You will be absolutely astounded at the way that 3D games look after this upgrade. Never one for action games, all of a sudden, I find it difficult to stop (I even snapped at a few family members when they interrupted my concentration). On a side note, the few games I did possess were kind of on the sleepy side, like Riven, Lighthouse, etc. It was only when we decided to start this website that I went out and purchased QuakeII - primarily as a benchmarking tool. Trying the game out I discovered to my shame that I was unable to get more than about 10 seconds into it before getting creamed and wanting to get some screen shots I was forced to enlist the aid of my wife, who is rather intimidated by computers, and hates action games (she used to look down her nose at her nieces and nephews who loved Mortal Kombat). I spent the next 2 1/2 hrs. waiting for her to finish or get tired of playing. And that was before VoodooČ. Now I don't dare let her start unless I intend to skip a meal or two. But enough of this silliness.
Quake II provides an established benchmark for both 3D quality and processor power and since it is recognized by the majority of technophiles we will use it to put the new card through its paces...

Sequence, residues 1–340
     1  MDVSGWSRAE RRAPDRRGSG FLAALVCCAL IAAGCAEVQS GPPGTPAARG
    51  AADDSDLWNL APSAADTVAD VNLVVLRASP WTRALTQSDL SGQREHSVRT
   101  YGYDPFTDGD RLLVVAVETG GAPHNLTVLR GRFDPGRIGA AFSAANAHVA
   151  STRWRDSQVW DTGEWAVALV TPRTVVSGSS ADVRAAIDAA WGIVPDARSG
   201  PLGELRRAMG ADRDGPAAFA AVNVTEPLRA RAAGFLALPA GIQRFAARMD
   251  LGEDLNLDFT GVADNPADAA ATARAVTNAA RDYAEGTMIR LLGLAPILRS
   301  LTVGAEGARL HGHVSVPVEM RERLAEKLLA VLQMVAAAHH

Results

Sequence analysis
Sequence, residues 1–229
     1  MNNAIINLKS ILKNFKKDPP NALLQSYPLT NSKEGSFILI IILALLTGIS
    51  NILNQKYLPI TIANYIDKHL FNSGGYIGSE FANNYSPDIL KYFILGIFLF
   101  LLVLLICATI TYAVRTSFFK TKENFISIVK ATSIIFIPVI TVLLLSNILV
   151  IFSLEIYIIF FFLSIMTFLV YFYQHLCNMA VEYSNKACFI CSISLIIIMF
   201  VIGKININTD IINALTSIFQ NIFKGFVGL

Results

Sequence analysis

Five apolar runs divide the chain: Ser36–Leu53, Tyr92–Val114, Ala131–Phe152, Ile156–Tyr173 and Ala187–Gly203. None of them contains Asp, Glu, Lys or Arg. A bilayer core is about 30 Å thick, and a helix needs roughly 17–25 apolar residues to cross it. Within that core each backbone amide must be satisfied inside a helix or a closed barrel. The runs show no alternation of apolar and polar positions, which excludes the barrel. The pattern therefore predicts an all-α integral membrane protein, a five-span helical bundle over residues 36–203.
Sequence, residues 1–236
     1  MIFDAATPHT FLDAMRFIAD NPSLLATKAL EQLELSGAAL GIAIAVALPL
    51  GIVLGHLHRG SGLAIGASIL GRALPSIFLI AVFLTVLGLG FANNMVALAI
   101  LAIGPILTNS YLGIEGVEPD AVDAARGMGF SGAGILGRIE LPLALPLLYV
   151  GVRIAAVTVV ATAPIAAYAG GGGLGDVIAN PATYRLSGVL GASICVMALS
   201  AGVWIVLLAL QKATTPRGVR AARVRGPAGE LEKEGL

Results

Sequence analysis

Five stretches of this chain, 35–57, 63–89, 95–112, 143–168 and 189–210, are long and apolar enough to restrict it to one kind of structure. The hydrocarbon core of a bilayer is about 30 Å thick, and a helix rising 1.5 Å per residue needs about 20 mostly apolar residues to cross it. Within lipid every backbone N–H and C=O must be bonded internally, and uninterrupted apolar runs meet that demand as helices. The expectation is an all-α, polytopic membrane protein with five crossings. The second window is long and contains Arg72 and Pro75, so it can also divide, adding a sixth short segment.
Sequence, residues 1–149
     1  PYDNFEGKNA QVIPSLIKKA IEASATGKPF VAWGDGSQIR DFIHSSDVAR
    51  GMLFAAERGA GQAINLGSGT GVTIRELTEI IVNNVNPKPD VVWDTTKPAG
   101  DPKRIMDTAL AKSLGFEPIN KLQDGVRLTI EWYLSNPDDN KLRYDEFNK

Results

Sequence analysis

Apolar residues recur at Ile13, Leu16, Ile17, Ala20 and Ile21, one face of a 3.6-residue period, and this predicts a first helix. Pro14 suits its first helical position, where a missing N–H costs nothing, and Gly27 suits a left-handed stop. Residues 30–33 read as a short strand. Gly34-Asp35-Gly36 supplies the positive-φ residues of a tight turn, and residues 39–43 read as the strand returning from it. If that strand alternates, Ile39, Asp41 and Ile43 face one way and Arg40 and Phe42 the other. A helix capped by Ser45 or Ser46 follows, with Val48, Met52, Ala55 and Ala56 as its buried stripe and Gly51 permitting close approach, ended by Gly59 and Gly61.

(Note: The above specifications cost $552.00 over my original pre-Super7 configuration - A Pentium 200MMx that would have been lucky to push 12.5 fps out of QuakeII in using OpenGL default drivers.) I ran the tests (both demo1 and massive1) against my installed Viper 330 before using the Monster 3DII. The Monster 3DII ran under the original drivers that accompanied the card, 3Dfx's latest reference drivers, and just for fun (and to the shame of the PII 300MHz owners out there) the 3DNow! optimized drivers with the following results...
As you can see the Viper 330 under its default drivers posted perfectly
respectable frame rates considering that it has only a 4MB framebuffer (and AGP 1
compliance in DMA mode). The Monster 3DII (at its default settings)
not only greatly increased the frame rate but gave the images an allover smoother finished
appearance. Although I had expected frame rates significantly higher than what I got
(I had heard boasts of 45-48fps) I was extremely pleased with the overall effect
when actually playing the game with the sound cranked and the joystick enabled. The
systems new response to the action of the joystick alone was worth the money.
Although it doesn't provide for tweaking with the same depth as Diamonds drivers as you ca see both above and in the advanced section below...
These new drivers as you can see result in a minor performance gain in OpenGL (a few fps). They really shine under DirectX6 and the frame rates in games like Forsaken show a marked improvement but I won't get into that right now...